By Catherine Wagley
By Channing Sargent
By L.A. Weekly critics
By Amanda Lewis
By Catherine Wagley
By Carol Cheh
By Keegan Hamilton
By Bill Raden
To Hell With Perfection
Don Carlo is Verdi’s Everest, its peak shrouded, unattainable, magnificent. The Los Angeles Opera’s current version, at the Music Center through October 1, handily measures the company’s emergence as a major performing force since its previous stab at the work (April 1990, a quick, pathetic replacement for a scheduled Pique Dame), ranking, by the same token, as its best Verdi since . . . well, since ever. The gorgeous physical production, dark as nobly shed blood, looks the way the music sounds. Philip II of Spain sings of the gloomy “stone vaults under the Escorial,” and John Gunter’s designs set those vaults to a dismal dance on their own that is just right. When the King collapses back into the folds of his throne, his royal presence diminished to a meager wisp in the strangulation of the Grand Inquisitor’s menacing tones, can any of us out front in the cavernous theater not share the chill, the sudden emptying of humanness that comes with the music, the bleakness forming a vacuum that drains us all? What is there in opera to match that moment? What more ardently proves the power of that kind of music to hold every listener by the knots in the spine and manipulate our willing bones beyond the power — beyond the need, even — to resist?
Whatever the magic, James Conlon and his orchestra achieved exactly that result at their opening Don Carlo, and if I had my way, I would post their achievement — which included the stupendous King Philip of Ferruccio Furlanetto and the Inquisitor of Eric Halvarson (like a pair of haggling contrabassoons), along with the chilling Eboli of Dolora Zajick, a couple of octaves higher, and the not-bad Carlo of Salvatore Licitra, much improved from his over-promoted days as Pavarotti redux — as the standard to which any and all modern opera companies might strive. This being Verdi’s longest and most crag-strewn opera, the perfect performance exists only in the sternest musicologist’s dreams, and the deviations between this or any contemporary staging and Verdi’s original intent add up to quite a list. The language — not French but Italian — is wrong. One whole act is missing. A ballet has been omitted (thank heaven), and a number of smaller cuts, more or less important, have been observed. If you let these things bother you, you’ll probably never witness even a halfway-satisfactory Don Carlo (which this one is, and more), and thereby you will miss one of opera’s greatest treasures.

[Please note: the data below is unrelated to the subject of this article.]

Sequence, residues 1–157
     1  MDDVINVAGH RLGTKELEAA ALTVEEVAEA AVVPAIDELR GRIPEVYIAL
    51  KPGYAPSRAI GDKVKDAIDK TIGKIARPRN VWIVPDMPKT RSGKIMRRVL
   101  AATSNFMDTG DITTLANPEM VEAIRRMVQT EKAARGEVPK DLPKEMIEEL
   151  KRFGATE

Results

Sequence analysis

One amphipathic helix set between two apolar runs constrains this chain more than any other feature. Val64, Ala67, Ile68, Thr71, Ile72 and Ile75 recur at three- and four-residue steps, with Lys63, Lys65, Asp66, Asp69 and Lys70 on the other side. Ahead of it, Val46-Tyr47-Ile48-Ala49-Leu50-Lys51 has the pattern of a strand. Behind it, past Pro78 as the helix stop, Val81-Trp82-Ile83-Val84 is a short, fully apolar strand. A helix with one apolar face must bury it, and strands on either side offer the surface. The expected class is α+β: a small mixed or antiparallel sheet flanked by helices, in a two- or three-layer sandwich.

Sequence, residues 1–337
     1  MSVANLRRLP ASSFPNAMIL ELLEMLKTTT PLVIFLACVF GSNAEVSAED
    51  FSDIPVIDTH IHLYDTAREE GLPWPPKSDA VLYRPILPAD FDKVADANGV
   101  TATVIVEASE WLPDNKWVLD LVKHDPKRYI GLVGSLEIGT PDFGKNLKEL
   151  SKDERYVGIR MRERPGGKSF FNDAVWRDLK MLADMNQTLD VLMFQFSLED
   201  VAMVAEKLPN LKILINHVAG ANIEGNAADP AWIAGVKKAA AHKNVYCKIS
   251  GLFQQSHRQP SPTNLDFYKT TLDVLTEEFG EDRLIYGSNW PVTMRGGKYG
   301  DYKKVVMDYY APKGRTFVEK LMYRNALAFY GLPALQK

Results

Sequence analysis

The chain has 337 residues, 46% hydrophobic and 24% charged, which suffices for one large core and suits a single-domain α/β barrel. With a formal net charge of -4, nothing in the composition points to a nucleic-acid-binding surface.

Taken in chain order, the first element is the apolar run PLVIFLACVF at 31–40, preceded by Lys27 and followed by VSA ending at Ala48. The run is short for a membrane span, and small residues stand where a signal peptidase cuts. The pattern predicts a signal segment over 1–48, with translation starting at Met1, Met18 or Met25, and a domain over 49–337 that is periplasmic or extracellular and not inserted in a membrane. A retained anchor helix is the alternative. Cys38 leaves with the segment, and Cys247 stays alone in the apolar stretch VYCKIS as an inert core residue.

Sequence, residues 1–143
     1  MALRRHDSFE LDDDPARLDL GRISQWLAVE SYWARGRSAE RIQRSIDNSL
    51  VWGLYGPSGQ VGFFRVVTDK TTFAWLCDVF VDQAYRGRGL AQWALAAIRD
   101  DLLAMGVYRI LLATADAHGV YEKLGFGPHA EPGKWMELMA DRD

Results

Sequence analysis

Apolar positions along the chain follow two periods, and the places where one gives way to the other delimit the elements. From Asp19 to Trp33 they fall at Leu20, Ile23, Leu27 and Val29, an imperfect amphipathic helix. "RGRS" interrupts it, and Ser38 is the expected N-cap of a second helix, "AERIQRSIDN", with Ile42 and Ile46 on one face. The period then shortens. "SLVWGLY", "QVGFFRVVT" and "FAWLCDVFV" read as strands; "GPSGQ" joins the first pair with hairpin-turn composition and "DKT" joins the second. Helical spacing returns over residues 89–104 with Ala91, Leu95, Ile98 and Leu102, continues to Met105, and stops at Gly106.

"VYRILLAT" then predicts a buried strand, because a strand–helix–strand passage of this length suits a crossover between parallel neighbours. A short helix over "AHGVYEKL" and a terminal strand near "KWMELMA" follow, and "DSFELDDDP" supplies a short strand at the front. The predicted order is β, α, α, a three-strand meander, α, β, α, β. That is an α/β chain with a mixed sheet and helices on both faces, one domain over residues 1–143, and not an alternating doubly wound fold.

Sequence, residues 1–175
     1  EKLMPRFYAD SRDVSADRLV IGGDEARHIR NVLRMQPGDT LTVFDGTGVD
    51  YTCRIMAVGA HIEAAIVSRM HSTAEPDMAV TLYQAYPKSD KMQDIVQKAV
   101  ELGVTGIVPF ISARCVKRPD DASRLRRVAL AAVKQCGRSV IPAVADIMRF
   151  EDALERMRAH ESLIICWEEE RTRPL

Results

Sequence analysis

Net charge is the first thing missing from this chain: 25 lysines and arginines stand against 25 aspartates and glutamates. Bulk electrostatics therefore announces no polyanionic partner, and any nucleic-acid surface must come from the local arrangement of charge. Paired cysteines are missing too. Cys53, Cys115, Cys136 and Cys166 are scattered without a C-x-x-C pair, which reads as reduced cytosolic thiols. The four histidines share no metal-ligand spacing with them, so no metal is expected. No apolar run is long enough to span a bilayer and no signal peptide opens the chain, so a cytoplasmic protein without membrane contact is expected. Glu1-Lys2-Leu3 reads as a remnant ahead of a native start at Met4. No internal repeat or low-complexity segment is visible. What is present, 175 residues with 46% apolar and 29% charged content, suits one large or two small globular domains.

Down Costa Mesa Way
The champagne — pink, mostly — flowed freely; the Orange County damsels pushed their hors d’oeuvres, doing their best not to trip over miles of video and light cables that turned the plaza into Sargasso. Like an elderly relative dolled up for the party but seated on the sidelines, the “old” Segerstrom Hall (a mere 19, actually) dangled a few strings of neon like last year’s costume jewelry. Attention, of course, was focused on the parvenu across the way, the Renée and Henry Segerstrom Concert Hall, the $200 million worth of glass bubble that opened its doors last Friday night for the first of an oddly situated set of events that will turn this Segerstrom real estate into more of a cultural center, needed or not. The best of the celebratory concerts, actually, will take place in the old hall. It’s just that operas and ballets are more celebratory than mere symphony concerts, and the new hall, like Disney, has no place for a pit.